5 Facts employers should know about reporting payroll information

5 Facts employers should know about reporting payroll information


Since 6 October 2014 employers with 50+ employees have been issued penalties from HM Revenue and Customs for reporting their payroll information late. On the 6 March 2015 a similar penalty was introduced for employers employing fewer than 50 employees. Here we inform you of the late/non filing PAYE penalties, the charges involved and how to avoid penalties in the future.

  1. When HMRC late/non filing penalties are issued

Penalties are issued

  • for late filing of companies Full Payment Submission (FPS)
    • You should send the FPS on or before your employees’ payday. You can send an FPS in advance if for example your payroll employee is on holiday. However, don’t send it too early as you will need to send a corrected FPS to HMRC in order for them to update any changes. Please note you can not send reports for the new tax year before March
  • if the company did not send the expected number of FPSs
  • if an Employer Payment Summary (EPS) was not sent when the company did not pay any employees in a tax month
    • If you have not had to pay any employees in a tax month then do not send an FPS but send an EPS by the 19th of the following tax month and then HMRC will apply any reductions on what the company will owe from its FPS. Please note the tax month starts on the 6th of each month

Penalties will not be issued


  • Between 6 March 2015 – 5 April 2016 if a company’s FPS is later but all reported payments on the FPS are within 3 working days of their employees pay day
    • HMRC has also said that this three-day grace period starts from the beginning of the late filing penalty regime, i.e. 6 October 2014. Therefore if you employee 50+ employees and have received a penalty which was issued at the end of January 2015, then, if the return was filed within three days of the payment date, you can appeal online using the Penalties Appeals Service. Use the reason code “Other” and enter “return filed within three days”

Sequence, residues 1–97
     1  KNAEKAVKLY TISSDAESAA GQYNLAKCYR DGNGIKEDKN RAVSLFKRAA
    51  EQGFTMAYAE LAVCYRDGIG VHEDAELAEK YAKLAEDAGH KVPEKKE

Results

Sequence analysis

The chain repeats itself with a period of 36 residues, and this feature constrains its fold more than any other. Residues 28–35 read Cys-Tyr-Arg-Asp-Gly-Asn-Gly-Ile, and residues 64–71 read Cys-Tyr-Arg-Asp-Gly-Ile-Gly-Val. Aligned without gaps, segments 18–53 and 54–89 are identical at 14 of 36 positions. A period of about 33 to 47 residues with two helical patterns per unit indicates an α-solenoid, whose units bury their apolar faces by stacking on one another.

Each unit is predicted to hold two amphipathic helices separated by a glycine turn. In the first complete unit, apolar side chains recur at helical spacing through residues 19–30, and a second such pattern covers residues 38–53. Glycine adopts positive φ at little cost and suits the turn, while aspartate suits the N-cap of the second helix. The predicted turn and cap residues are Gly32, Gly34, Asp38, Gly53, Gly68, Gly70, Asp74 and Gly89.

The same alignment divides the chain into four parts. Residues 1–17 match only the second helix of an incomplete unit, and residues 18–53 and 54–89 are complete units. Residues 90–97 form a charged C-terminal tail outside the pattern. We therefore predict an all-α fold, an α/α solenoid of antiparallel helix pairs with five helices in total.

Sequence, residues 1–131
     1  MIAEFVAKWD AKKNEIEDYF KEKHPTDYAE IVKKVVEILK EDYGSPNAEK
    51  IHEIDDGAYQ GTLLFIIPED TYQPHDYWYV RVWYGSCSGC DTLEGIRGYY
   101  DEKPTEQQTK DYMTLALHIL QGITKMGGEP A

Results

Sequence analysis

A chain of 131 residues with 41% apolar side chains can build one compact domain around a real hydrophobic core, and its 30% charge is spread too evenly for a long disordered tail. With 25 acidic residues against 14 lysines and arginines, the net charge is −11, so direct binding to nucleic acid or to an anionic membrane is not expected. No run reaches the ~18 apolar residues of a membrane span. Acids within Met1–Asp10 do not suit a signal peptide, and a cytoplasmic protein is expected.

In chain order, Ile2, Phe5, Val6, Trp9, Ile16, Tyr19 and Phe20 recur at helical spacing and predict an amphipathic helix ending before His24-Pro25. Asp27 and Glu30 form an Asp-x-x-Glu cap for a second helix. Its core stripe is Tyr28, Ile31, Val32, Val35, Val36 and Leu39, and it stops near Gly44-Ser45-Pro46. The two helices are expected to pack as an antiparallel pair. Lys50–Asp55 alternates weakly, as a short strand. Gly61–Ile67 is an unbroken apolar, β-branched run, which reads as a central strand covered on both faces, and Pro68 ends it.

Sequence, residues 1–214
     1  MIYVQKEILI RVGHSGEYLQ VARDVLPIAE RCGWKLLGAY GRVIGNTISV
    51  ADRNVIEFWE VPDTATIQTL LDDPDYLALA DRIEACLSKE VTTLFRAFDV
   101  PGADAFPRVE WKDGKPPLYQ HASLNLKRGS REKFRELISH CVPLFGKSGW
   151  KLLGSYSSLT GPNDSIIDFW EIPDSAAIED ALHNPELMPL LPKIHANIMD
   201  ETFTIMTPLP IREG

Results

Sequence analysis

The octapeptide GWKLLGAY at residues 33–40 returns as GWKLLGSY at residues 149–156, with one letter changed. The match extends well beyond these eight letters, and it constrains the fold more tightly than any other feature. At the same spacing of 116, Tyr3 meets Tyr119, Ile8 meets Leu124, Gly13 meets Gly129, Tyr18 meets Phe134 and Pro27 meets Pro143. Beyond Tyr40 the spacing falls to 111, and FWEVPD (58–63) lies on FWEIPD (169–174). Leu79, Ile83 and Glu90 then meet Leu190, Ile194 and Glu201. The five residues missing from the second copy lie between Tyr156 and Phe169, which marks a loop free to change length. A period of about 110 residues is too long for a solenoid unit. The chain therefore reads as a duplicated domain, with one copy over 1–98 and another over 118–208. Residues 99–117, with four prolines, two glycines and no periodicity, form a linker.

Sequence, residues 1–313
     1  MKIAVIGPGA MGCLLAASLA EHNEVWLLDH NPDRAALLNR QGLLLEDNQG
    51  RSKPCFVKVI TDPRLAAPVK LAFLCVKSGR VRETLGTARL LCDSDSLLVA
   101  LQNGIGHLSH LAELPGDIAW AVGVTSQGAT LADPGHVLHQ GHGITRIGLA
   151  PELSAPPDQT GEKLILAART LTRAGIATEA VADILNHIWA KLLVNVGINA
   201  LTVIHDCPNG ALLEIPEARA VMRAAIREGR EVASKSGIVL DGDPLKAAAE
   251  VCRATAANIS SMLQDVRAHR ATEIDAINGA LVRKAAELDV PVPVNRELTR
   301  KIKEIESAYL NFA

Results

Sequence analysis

• If you are a new employer and you sent your first FPS within 30 days of paying an employee
  • If it is your fist failure to submit a report on time in the tax year
    • This only applies to employers with 50+ employees
    • And It does not apply to employers who are registered with HMRC as an annual scheme or if between the 2014/15 tax year the company employed less than 50 employees


2.    Penalty Charges


The table below shows the penalty charges that apply; these depend on how many employees a company employee.

Number of employees Monthly penalty
1 to 9 £100
10 to 49 £200
50 to 249 £300
250 or more £400


Warning! If you are over 3 months late HMRC may charge an additional penalty of 5% of the tax and National Insurance that should have been reported earlier.

Warning!! If the company runs more than one PAYE scheme penalties can be charged for each

3.    How to calculate what you might owe

If you fail to submit your FPS or EPS on time then specified charges will be issued. These are done on an estimation of how much HMRC thinks you should pay based on the company’s previous PAYE payment and filing history. If a specified charge is issued this doesn’t replace the need to file the FPS or EPS. To replace the charge you must submit the missing FPS or EPS for each month. Please note that if you send in updated year-to-date figures in your next FPS you will still be required to pay the specified charges but your accounting record will be adjusted to reflect the year-to-date figures filed in the later month.

4.    What to do if you get issued a penalty

Penalty notices are issued by HMRC quarterly. A penalty notice will tell you what you owe, how to pay it and what to do if you don’t agree with the charge. Make sure you pay the penalty within 30 days as you will be charged interest after that. If you wish to appeal the charge then you can do this using HMRCs online service.

5.    Make sure your reports are accurate

HMRC also issues penalties if careless or deliberate errors are discovered. These penalties are based on the behaviour that led to the error and the amount of potential lost revenue for that return.

If you realise that an error has occurred, despite taking reasonable care, then as long as you disclose the errors to HMRC unprompted then no penalty will be issued.